I’m trying to think of when I first stumbled upon Jay Reatard-I think it was either thru Pitchfork (yeah, I have no problem with admitting that) or perhaps it was a Bradford Cox interview where he praised Jay’s music. At the time, the easiest way to listen to a new band was through Myspace; I found his page and was kinda taken aback immediately. Here was a band that was seemingly stuck in the early 80’s punk lifestyle: xeroxed flyers, mosh pits, bloody fans and band members, all with a veneer of sneer. Listening to his music confirmed the impression. It reminded me greatly of the Circle Jerks, The Dickies, Big Boys, etc. (not that he ripped off these bands, mind you-actually, I can’t really remember what those bands sound like too well-it just reminded me of the entire aesthetic of that era.)
But around this time, both the Blood Visions record and his Singles 06-07 record was out and gaining a lotta traction. So I got those and tried to let them sink into my brain. It only took a few listens.
There’s something that I absolutely love about a melodic hook, and Jay had it down, in spades. Within a week I was completely turned around from thinking he was a poor facsimile of 80’s punk to recognizing he was a pop savant, of a peculiar fashion. I loved his urgency and his confrontation in his work, as well as his focus of death and girls and exes and overall mildly anarchic tones. I may be 37, but I still am a fan of angst in music. And this guy was a poster boy for that shit-crazyass shows and behavior all over the world. With increasing fame brought more wild stories. I saw him at Lenny’s and it was a maelstrom of a night. I hid out in a corner and thoroughly enjoyed the show.
Upon learning of his death, I have to admit I wasn’t too surprised, in the sense of it being another fucked up young person that has too much talent and not enough sense of what to do with it. It actually reminded me of a few friends that have passed on in a similar fashion-to me, dying of a drug overdose is just such a sad and shitty way to go out. It’s something I will never be able to get my head around. Was it too much fun? Or was it something more despondent and nefarious? We’ll never know. I was bummed for a couple weeks and played his music often.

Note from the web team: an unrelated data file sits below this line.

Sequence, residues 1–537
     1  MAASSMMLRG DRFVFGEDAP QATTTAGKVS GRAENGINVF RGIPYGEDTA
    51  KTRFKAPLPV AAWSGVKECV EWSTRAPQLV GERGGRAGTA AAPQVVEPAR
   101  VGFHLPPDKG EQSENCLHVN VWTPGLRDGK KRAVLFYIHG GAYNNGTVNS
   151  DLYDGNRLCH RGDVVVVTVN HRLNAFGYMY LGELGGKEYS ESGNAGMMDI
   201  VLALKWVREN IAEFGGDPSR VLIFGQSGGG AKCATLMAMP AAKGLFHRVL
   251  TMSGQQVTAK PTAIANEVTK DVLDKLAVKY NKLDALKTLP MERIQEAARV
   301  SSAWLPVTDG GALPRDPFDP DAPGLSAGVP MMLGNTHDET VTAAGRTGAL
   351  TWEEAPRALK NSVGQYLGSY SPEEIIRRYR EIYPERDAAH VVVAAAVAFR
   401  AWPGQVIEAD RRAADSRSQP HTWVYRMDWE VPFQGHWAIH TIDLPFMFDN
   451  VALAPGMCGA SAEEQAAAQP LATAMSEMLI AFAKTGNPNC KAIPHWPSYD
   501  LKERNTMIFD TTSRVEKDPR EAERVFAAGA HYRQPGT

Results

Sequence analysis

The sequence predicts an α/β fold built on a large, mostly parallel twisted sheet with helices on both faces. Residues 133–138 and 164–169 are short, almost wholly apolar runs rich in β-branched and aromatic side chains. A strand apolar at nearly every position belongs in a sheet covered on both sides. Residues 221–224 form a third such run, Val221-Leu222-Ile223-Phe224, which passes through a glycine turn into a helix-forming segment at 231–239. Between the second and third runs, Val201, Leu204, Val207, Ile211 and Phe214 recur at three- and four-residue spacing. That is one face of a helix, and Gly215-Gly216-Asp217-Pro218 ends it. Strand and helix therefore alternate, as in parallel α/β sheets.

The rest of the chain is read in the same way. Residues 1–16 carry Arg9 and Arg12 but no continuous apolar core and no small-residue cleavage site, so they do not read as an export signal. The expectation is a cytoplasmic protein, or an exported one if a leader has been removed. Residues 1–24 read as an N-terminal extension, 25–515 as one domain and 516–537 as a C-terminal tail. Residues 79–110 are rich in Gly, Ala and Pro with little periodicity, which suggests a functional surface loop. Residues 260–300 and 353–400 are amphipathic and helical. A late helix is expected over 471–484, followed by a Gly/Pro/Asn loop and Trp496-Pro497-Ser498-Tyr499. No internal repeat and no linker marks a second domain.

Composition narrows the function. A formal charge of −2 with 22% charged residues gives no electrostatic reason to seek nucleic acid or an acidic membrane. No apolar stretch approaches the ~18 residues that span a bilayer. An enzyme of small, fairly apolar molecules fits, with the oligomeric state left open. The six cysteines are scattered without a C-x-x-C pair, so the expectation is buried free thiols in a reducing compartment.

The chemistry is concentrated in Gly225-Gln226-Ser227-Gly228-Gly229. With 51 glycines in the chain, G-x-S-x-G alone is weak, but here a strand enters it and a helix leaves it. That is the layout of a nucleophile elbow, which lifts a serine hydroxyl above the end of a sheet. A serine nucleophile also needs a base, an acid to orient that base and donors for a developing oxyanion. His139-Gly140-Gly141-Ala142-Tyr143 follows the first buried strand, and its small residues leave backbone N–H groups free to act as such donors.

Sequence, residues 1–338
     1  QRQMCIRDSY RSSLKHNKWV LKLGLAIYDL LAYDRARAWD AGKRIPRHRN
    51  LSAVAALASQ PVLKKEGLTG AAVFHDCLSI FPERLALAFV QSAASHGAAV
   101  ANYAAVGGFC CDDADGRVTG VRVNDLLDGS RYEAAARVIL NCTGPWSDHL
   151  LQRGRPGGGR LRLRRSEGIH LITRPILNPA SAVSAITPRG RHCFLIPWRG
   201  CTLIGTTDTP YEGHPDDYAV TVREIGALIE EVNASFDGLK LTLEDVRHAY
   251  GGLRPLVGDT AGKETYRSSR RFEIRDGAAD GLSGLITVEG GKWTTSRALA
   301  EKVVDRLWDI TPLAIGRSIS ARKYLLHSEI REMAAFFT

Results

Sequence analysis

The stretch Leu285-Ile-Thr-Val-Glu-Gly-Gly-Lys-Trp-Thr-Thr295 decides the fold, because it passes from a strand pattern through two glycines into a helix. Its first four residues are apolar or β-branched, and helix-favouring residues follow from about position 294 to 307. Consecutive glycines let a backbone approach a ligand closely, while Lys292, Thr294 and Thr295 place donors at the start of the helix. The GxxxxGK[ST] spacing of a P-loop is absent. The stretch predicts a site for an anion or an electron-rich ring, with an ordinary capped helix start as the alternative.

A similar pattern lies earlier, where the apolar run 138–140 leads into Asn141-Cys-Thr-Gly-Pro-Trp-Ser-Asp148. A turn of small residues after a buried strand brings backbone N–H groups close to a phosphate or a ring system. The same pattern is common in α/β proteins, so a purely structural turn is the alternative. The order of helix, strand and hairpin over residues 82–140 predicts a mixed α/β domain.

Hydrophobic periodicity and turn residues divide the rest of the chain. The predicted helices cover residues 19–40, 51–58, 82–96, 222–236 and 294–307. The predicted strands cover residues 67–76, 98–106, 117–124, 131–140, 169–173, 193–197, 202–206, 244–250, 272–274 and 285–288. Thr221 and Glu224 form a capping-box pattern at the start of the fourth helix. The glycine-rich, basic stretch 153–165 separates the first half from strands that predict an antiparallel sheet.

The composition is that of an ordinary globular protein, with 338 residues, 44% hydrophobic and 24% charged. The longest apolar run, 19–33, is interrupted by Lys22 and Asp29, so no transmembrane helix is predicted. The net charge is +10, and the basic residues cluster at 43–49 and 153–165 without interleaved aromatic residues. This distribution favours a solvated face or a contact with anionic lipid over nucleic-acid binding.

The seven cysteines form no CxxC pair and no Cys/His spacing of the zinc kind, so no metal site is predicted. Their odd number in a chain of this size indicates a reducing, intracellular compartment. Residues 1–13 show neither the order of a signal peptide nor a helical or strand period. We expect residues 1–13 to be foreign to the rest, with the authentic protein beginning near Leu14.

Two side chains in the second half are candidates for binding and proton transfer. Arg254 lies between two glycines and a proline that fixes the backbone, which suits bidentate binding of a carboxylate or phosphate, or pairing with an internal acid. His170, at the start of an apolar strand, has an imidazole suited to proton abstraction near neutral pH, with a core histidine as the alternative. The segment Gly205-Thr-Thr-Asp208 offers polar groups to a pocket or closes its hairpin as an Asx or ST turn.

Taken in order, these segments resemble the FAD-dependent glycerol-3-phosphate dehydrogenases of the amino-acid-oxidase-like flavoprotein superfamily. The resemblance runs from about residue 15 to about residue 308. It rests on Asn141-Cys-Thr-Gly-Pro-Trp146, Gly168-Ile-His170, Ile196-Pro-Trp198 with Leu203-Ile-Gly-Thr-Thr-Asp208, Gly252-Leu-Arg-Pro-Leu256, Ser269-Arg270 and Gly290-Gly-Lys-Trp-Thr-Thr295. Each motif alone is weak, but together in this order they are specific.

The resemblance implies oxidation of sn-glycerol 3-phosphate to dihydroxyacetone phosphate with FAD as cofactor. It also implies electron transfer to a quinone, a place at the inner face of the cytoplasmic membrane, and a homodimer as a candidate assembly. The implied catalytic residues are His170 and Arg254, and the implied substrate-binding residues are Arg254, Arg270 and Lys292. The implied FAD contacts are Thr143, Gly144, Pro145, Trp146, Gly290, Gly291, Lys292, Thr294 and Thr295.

A documentary was made of his life and showed at the Earl last night. Millie and I went to view it, and I admit was pretty skeptical of how it would play out. Does a young dude like this have enough to offer in the way of a full-length feature? Does he deserve it? And more importantly, is the film substantive enough to offer to the public? His music is one thing, but 90 minutes of film is another thing entirely.
I have to say I was mostly pleased with the movie, thankfully. There’s a grip of live footage that is pretty amazing, which isn’t too much of a surprise. And the interview footage of him is good as well; he illuminated fairly well the things that made him who he is (broken homes, growing up poor, drugs, finding punk at that sweet spot of adolescence), and he also was an often hilarious dude. He reminds me of so many of my friends throughout my life (and like I said, some of them have died as well). The friend and bandmate interviews were a bit depressing; I wish some of them could have reached out to him when it was obvious he needed help. But who wants to help a total asshole that is acting out in an effort to keep them at bay from his real issues?
The real clincher for me was his younger sister. It was a bit soul-crushing to see her so happy to talk about her older brother, the one that raised her and changed her diapers when their mother wasn’t at home. She seemed pretty small-town simple, if not naive, and there was a moment or two when one could tell she was still hurting. This is all my projection-maybe he was never around, or was an asshole to her just like he could be with almost everyone else-but she deserves to have a rad older brother around, telling her what’s up with the world around her and helping her in the way that he never had in his own life. Instead, she has posters and flyers and his guitar, and that’s so unfortunate.